Volume 0, Issue Number 98 October  9, 2007

Contracts Bulletin #98 - Change Orders and Extra Work: Tools for Change

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CONTRACTS BULLETIN # 98 October, 2007

Change Orders and Extra Work: Tools for Change

“Nothing endures but change” - - Heraclitus (540-480 BC)

CHANGE IS EVERYWHERE In today’s construction world, a project is seldom accomplished from start to finish without change. These changes may originate with an owner, finding some aspect of the project needs to be modified for aesthetic, economic or functional purposes; or, they may originate with a contractor who determines changes are necessary to correct errors in the site plan, or to comply with evolving building codes. Regardless, changes in projects frequently occur, and a contractor cannot treat changes as afterthoughts – changes directly impact a project’s bottom line.

Projects beset with a flurry of changes can become mired in confusion, if not handled in an orderly manner. In the construction industry, there are two contractual provisions to manage change: Change Orders and Extra Work Requirements. Both are effective tools to ensure a project goes smoothly, and to permit the expectations of the parties to be clearly defined.

This article will discuss the basics for effectively implementing and incorporating changes into agreements, and will address how standard contracts, such as the American Institute of Architects (“AIA”) and Associated General Contractors (“AGC”) standard form agreements, address project changes.

This article also provides information on a related document, Guidelines for a Successful Construction Project, as approved by the Associated Specialty Contractors (“ASC”), American Subcontractors Association (“ASA”), and AGC.


Importance. A “change order” is essentially a “new contract” between the parties. Unless the agreement between the parties provides otherwise, a change order must be in a written form and signed by all parties to be legally enforceable. Parties to a construction agreement have no inherent right to change the terms of a contract, unless the contract itself contains provisions allowing for changes. Assuming an agreement provides for change orders, it is best to properly follow established procedures for implementing the change. Change orders that are effectively administered will usually result in fewer disputes, and will protect a contractor if problems later arise regarding the scope of work or the right to payment.

Contractual Implications. Prior to originating a change order, it is a good idea to review the original contract to determine the steps required to institute the change. Unfortunately, determining what is classified as a “change” is often far from clear in a contract. Therefore, before entering into a contract, the parties should make every effort to define what constitutes a “change.” This extra step in the beginning will help reduce potential disputes regarding changes that will require written and signed change orders. The change order clause should not only define the change, but also identify who is authorized to review and approve change order requests.

AGC Change Clause Guidelines. The AGC standard form agreements emphasize the importance of a carefully drafted change clause. The AGC recommends the following issues be addressed by the change clause in any construction agreement:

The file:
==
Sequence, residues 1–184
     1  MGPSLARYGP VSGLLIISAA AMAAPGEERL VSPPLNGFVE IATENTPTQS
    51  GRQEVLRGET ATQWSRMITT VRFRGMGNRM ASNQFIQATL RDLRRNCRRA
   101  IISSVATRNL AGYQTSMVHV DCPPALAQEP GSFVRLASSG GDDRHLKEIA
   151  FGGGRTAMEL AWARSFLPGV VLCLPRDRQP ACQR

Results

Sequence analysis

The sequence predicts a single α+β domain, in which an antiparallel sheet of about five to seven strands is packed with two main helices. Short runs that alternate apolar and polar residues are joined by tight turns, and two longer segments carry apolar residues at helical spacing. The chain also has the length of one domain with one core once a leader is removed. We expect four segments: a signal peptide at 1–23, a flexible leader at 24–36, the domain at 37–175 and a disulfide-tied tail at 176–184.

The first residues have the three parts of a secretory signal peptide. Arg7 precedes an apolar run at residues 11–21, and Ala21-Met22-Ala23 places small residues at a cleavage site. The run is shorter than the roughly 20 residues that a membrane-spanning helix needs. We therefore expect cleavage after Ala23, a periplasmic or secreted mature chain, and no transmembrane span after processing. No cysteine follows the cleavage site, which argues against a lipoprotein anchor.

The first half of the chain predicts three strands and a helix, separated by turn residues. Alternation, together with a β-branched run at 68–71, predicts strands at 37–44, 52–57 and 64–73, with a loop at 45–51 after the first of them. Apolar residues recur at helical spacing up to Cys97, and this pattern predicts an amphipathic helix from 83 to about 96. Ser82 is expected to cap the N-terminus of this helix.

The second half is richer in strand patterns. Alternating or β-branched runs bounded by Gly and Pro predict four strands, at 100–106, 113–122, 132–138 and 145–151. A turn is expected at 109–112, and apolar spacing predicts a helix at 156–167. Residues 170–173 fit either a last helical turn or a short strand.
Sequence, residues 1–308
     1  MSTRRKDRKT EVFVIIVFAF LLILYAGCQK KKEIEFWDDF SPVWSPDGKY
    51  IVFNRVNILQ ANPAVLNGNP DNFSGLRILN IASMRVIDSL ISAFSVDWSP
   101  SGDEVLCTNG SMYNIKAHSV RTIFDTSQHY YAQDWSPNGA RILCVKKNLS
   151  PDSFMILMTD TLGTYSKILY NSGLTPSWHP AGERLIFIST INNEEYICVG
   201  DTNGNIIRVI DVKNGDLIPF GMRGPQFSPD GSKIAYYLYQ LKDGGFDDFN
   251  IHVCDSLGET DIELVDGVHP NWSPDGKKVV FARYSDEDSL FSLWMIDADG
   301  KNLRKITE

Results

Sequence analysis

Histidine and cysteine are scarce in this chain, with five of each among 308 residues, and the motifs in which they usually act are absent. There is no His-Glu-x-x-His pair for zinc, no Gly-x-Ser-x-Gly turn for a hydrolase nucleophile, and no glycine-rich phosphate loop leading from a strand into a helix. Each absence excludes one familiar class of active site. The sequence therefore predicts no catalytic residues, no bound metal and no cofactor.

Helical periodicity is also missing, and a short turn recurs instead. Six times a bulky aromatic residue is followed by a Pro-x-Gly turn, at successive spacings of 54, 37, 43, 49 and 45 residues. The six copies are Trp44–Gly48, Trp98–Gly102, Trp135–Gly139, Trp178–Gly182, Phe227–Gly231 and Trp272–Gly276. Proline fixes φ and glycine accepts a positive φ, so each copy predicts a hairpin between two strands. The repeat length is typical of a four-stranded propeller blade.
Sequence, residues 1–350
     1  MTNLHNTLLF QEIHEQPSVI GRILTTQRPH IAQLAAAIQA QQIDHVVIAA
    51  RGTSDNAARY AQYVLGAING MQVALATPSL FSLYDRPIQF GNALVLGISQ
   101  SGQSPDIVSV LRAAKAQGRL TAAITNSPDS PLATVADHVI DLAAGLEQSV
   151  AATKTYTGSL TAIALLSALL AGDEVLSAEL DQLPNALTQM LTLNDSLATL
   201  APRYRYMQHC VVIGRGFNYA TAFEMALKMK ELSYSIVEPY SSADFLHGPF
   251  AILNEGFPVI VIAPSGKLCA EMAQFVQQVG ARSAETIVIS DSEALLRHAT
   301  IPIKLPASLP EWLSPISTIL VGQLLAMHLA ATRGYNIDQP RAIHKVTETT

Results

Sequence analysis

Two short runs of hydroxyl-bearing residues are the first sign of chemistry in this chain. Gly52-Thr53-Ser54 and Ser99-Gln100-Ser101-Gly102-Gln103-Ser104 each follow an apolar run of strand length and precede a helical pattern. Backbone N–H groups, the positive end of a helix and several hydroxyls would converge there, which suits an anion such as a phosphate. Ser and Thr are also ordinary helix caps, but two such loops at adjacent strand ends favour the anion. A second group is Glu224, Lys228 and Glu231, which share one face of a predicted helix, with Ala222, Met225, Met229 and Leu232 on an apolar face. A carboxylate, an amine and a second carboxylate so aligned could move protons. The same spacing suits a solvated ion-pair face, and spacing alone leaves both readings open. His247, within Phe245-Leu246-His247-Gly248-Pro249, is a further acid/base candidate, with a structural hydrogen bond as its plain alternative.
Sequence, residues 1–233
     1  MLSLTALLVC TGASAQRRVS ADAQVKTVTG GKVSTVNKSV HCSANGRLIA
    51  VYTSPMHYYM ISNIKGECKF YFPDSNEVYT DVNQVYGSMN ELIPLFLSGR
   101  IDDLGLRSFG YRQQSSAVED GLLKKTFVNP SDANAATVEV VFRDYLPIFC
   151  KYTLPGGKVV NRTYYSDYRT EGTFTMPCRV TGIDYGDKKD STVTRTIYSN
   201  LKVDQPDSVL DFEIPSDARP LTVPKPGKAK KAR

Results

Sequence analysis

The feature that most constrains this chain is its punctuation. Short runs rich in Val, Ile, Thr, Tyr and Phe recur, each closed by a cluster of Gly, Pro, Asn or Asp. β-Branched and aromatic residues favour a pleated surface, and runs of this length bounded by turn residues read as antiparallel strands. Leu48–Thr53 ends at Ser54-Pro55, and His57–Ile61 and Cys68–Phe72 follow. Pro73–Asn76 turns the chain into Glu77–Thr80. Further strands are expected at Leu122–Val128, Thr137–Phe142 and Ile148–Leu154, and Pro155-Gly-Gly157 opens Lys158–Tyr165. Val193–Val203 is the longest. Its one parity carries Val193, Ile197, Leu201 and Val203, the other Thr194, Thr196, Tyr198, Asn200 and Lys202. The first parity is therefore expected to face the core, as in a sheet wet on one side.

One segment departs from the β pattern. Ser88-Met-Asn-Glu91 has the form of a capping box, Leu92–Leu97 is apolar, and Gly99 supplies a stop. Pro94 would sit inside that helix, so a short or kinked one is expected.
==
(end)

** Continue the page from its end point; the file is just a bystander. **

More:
1. What are the limitations on profit and overhead markup for the contractor; 2. Who must notice be given to and when; 3. What must the notice contain; 4. How are owner-initiated changes accomplished; 5. Must all changes be in writing; 6. Who must sign the change order; 7. What is the timing of the change process; and 8. Role of the design professional in the process.

The better a contractor knows what is required by the change clause, the less likely it will slip up and breach its agreement. More importantly, proper drafting and understanding a change order clause can save money in the long run by avoiding disputes. Process of Instituting a Change Order. In AIA contracts, owners typically use the standard Work Changes Proposal Request (AIA Document G709-2001) form. This form identifies what the change is and all of the parties to the contract. Essentially, this form is a request for a price and time proposal for carrying out the proposed change.

However, contractors using this form must realize that it is not an authorization to do the work. It is not an official change order. It is merely a request for information needed by the owner and/or architect in making a decision to go ahead with a change.

The Change Order. If a Work Changes Proposal Request is acceptable to the owner, or becomes acceptable after adjustment and negotiation of the contract price and time, the change order can be prepared. A good form to use is the AIA’s Change Order Form (AIA Document G701-2000), which covers all the necessary details to ensure a smooth transaction. After the change order is executed by the required parties, it becomes a modification of the original agreement. The change order will authorize the contractor to do the extra work, and require the owner to pay the agreed upon price. It is crucial to include or attach any additional specifications or drawings to the change order to clearly define the scope of work.

Changes in Contract Time and Price. Owners may question a contractor’s change order pricing because it may be assumed that the contractor has the owner “over the barrel.” The fact is, however, that work will always cost more when not done in sequence with the original work.

In fact, typically it is common to charge 10 to 15 percent more than if it had been included in the original bid. Reasons for this include:

1. Lack of competitive environment; 2. Inability to easily fit the change into the exiting schedule; and 3. Massive amounts of paperwork and delay that can be experienced by the contractor.

Any changes in the contract price, up or down, should always be specifically listed in the change order form. Similarly, any changes in contract timing or completion dates, up or down, must always be agreed upon and reflected in the change order. If there is no change in time to be made, be sure to place zero (0) days in the blank.